week or month or year?â Since I was paying her good
money, I decided to listen to the expert and try her way.
After all, I was there because I needed change in my life,
and the only way change would happen would be if I
listened to someone else. Doing it my way obviously hadnât
worked, and if I continued to do it my way then nothing
was going to change.
Now was the time to try following someone elseâs
suggestions. She told me that I should look into an
outpatient program at the drug rehabilitation center. After
speaking with the counselor at the center I didnât feel that
their program was right for me, but I did hear a very
important message. The message that I heard very clearly
was that I needed to get to a twelve-step program.
Since MA was very young in the San Jose area
(2-3 years old?) the counselor had not heard of it yet, so
another twelve-step program was suggested. I started to go
to this other program, but the problem was that I could not
relate to the stories that I was hearing.
After 5 or 6 meetings I was starting to think that the
Twelve Steps were not for me, when all of a sudden a friend
of mine called. She was also trying to quit smoking pot and
called to tell me of a twelve-step program that she had
found in Santa Cruz that was wonderful. Everyone that she
had heard speak at the meeting she could relate to. They all
had the same problem that we had, POT! She sent me a
meeting schedule for the San Jose area, and I ended up at
my first Marijuana Anonymous meeting. I was so nervous
walking into that meeting by myself. I never used to do
anything by myself. I always needed someone to be there
with me, but as I walked into the room with only about 6
people in it, I felt a calm instantly come over me. I just
knew that I was in the right place. As the meeting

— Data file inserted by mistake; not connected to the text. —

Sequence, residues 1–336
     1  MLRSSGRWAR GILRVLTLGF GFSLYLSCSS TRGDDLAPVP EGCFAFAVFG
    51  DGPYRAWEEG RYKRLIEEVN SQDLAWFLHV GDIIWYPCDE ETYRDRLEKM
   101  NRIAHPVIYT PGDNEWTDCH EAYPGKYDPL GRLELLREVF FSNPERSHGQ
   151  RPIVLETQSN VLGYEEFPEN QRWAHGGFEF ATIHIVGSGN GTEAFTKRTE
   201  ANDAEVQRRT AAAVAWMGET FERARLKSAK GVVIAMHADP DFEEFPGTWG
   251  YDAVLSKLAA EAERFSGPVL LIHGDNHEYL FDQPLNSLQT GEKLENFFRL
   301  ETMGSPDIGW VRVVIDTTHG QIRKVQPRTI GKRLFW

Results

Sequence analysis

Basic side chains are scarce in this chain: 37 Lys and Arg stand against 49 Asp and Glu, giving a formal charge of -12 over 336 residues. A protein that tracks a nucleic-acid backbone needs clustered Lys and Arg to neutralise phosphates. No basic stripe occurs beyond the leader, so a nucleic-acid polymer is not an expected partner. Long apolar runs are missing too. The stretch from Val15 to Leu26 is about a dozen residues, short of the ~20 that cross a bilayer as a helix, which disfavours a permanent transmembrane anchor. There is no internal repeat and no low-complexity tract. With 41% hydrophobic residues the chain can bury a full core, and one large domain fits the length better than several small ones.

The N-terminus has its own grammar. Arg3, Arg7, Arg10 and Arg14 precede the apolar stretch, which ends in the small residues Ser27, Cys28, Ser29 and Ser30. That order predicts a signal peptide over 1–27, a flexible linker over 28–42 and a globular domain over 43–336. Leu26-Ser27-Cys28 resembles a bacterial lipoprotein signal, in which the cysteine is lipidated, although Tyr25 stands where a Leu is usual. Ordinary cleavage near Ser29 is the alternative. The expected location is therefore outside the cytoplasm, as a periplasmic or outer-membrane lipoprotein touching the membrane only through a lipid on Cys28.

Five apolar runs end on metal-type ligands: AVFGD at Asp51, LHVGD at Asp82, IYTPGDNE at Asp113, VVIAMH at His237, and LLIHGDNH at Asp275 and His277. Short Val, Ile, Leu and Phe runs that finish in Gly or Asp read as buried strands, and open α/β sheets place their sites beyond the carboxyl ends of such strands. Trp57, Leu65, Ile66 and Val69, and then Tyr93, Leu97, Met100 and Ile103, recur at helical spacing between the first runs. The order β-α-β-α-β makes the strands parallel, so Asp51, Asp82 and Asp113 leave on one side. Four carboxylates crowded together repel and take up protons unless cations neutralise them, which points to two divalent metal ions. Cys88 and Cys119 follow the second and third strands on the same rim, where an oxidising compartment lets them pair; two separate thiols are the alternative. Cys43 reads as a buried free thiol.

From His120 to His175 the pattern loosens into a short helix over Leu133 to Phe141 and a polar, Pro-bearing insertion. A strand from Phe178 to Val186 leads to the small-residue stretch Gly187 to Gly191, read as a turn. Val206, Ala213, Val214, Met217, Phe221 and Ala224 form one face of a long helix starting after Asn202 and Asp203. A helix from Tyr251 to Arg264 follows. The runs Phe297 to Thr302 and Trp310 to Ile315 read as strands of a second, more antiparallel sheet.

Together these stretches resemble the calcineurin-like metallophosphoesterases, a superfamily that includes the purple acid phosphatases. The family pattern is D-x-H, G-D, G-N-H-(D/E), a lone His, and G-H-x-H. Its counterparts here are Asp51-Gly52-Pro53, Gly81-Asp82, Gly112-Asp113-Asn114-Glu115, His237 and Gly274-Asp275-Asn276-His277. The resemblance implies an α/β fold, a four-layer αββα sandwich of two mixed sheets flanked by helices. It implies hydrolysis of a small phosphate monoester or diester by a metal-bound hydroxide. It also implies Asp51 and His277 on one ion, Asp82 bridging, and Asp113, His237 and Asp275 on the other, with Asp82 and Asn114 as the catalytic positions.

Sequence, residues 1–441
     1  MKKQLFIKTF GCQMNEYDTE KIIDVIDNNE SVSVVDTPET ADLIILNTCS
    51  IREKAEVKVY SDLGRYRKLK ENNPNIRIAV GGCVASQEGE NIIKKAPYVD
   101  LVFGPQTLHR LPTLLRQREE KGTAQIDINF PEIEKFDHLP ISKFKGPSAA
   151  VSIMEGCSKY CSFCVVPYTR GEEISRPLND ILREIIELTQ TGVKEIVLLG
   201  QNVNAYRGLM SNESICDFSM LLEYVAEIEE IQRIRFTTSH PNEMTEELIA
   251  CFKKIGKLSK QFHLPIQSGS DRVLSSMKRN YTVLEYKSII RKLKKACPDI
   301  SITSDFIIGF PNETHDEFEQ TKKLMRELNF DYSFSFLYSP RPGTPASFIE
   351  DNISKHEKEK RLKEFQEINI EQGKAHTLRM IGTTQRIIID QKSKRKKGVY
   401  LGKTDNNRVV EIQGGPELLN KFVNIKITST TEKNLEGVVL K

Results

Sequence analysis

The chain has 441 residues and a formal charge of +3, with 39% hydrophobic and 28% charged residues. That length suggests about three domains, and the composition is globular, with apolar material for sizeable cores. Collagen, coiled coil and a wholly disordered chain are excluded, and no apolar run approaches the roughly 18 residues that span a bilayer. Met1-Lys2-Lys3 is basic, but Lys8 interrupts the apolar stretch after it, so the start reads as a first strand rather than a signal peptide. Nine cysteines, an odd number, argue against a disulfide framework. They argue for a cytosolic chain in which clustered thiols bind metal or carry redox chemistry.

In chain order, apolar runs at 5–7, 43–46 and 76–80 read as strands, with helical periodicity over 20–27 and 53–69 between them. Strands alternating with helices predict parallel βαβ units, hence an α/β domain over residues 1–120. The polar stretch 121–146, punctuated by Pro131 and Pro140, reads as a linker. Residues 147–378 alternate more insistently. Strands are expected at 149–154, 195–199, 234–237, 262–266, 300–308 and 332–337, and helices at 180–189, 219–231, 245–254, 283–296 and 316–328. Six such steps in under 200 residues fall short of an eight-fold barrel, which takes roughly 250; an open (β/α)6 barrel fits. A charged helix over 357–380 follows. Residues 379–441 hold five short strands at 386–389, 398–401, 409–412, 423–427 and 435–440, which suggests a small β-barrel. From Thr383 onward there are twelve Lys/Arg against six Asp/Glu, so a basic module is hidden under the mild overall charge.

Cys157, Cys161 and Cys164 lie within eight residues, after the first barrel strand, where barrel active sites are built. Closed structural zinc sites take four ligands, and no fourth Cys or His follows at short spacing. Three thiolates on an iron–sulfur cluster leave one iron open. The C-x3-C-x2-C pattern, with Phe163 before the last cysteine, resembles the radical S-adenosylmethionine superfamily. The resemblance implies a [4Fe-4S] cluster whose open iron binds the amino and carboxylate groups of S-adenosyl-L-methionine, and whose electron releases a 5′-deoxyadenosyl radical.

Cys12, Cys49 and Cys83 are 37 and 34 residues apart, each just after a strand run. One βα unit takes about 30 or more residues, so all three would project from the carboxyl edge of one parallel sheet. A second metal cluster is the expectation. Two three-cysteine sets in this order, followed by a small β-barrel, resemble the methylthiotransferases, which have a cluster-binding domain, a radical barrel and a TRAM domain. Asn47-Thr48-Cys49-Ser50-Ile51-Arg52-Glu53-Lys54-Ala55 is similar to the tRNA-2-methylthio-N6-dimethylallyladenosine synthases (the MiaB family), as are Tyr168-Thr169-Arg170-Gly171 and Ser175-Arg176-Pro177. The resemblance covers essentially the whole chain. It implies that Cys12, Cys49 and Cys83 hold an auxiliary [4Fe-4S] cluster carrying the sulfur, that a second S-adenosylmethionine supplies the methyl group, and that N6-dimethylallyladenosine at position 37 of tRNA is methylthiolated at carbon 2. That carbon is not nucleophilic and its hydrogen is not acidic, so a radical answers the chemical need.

progressed I found myself relating to everyone that spoke.
They were telling my story. They knew exactly what I was
feeling and going through. I was HOME!
I have now been a part of Marijuana Anonymous for
over 5 years as I am writing this. I canât begin to describe
all the changes that have happened to me because of this
program. By being honest with myself and realizing I had a
problem I was able to start on the road to recovery. I
swallowed hard and reached out for help. I listened to the
people who had walked this path of recovery ahead of me
and followed their suggestions. I found a sponsor within a
couple of months so I would have a person that could guide
me through the Twelve Steps, as he understood them. I
began my Steps and rediscovered my belief in a Higher
Power. Over the years practicing the Twelve Steps, to the
best of my ability, I have started to receive the greatest gift
of all, a belief in myself!
I can honestly say today that I have a good life. Each
day will always have its ups and downs and that I have no
control over, but it is my attitude towards these times that
will determine how I feel about life. For the first time in as
long as I can remember, I find that most problems donât get
to me half as much as they used to. I now know that if I use
or get angry that the problem will still be there. The only
way to get through the problem is to deal with it, not avoid
it! When hard times come along now I know there is a
better way to handle the situation. The program has given
me many tools to use in my life and all I have to do is use
them. I now have a belief in a Higher Power that is there 24
hours a day for me. I know that there is always a meeting to
go to and true friends to reach out to that will be there to
help me just as I am there for them.
I can honestly look at my life today and say how
grateful I am to be a member in the fellowship of
Marijuana Anonymous. I have so much today that I never
dreamed I could have. These things didnât happen overnight,
and I know that I have a long way to go. I now know
that because of the Twelve Steps I have a chance to reach
the goals I had always just dreamed of.